Globalization has had positive results on the country’s economic growth through trade expansion and foreign direct investment that opened new channels for economic expansion. Additionally being a multi ethnic nation like Malaysia is an advantage in the global business market. Human has tendency to trust own race. Malaysian ethnic Chinese for instance have good business relationship with its own ethnic counterparts across the globe.Historically, Malaysia also has strong ties with Muslim nations worldwide.
English is widely use and communicated in most business dealings in Malaysia. English is commonly use in meetings and written in documents.
I have experienced architectural design industry in USA, Japan and Malaysia. My conclusion, in principal, the architectural design and approval process in any these countries are the same. Stepwise in Malaysia, one has to apply to the local authorities for Development Plan (D.P.) approval. After the approval of D.P., Building Plan (B.P.) can be submitted. Once the B.P. is approved, the construction of the building can commence. Upon completion of the building, local authorities will perform inspection to decide if occupancy certificate should be issued. (See diagram-1).
These processes are similar to the process in Japan (c.f. Uniform Building By-Laws 1984 (G.N. 5178/85)) for building legal regulations. The Uniform Building By-Laws 1984 provides information on architectural design on i.e. setback, stair width and fire regulations. Standard metric system is used in drawings and English is used for description. However, submission of the drawings is done by locally registered architects. For instance, if one is commissioned to work on an architectural design in Malaysia, corporation with a local nationally registered architecture firm (I think here is more of the person not company– if a company is a Malaysian registered company but no locally registered architect cannot function right???) is required.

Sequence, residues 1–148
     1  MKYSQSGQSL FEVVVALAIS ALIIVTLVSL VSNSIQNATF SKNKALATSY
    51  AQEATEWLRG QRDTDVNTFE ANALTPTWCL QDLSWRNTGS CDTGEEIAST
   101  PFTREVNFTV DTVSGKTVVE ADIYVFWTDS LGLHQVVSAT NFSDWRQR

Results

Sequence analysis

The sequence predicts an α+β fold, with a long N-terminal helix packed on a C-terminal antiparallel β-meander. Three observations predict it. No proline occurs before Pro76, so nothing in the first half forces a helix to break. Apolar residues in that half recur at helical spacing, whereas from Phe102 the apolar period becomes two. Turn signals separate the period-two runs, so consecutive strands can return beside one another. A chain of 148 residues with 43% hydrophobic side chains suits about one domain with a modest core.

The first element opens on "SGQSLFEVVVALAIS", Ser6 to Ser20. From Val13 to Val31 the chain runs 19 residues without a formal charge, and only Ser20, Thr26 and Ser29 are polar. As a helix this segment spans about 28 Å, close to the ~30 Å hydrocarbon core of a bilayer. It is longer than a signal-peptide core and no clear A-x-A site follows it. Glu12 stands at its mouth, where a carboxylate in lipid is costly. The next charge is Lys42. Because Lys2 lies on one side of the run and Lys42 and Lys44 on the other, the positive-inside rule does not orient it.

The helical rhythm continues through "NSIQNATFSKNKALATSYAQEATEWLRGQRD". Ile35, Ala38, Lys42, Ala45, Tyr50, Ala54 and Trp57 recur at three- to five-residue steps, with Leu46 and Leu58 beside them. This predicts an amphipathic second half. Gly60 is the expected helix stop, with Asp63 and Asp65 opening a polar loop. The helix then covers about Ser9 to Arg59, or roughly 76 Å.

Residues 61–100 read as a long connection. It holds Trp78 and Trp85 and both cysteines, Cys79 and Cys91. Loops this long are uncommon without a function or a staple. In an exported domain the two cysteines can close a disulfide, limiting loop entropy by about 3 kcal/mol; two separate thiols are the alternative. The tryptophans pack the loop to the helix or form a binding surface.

There is no specified format for contract letter between client and architect. Normally, the contract letter is simple if compared to the ones in western countries. There are a lot of gaps in term of fees and scope of service. The advice would be to have a contract as detailed and precise as possible.
The architectural scope of services and fee is stated in Architect (scale of Minimum Fee) Rules 1986. The scope of service is stated clearly for each stage and the minimum fees are based according to the construction cost and difficulty of design of building types. It is fairly common for the client to impose fee less than the minimum fee and to delay payment in Malaysia. Nonetheless, foreign consultants are paid well compared to the local consultants. However, it is advisable to state the payment terms and condition clearly in the contract letter.
See reference at the end of the article for the website to download “Architect (scale of Minimum Fee) Rules 1986”.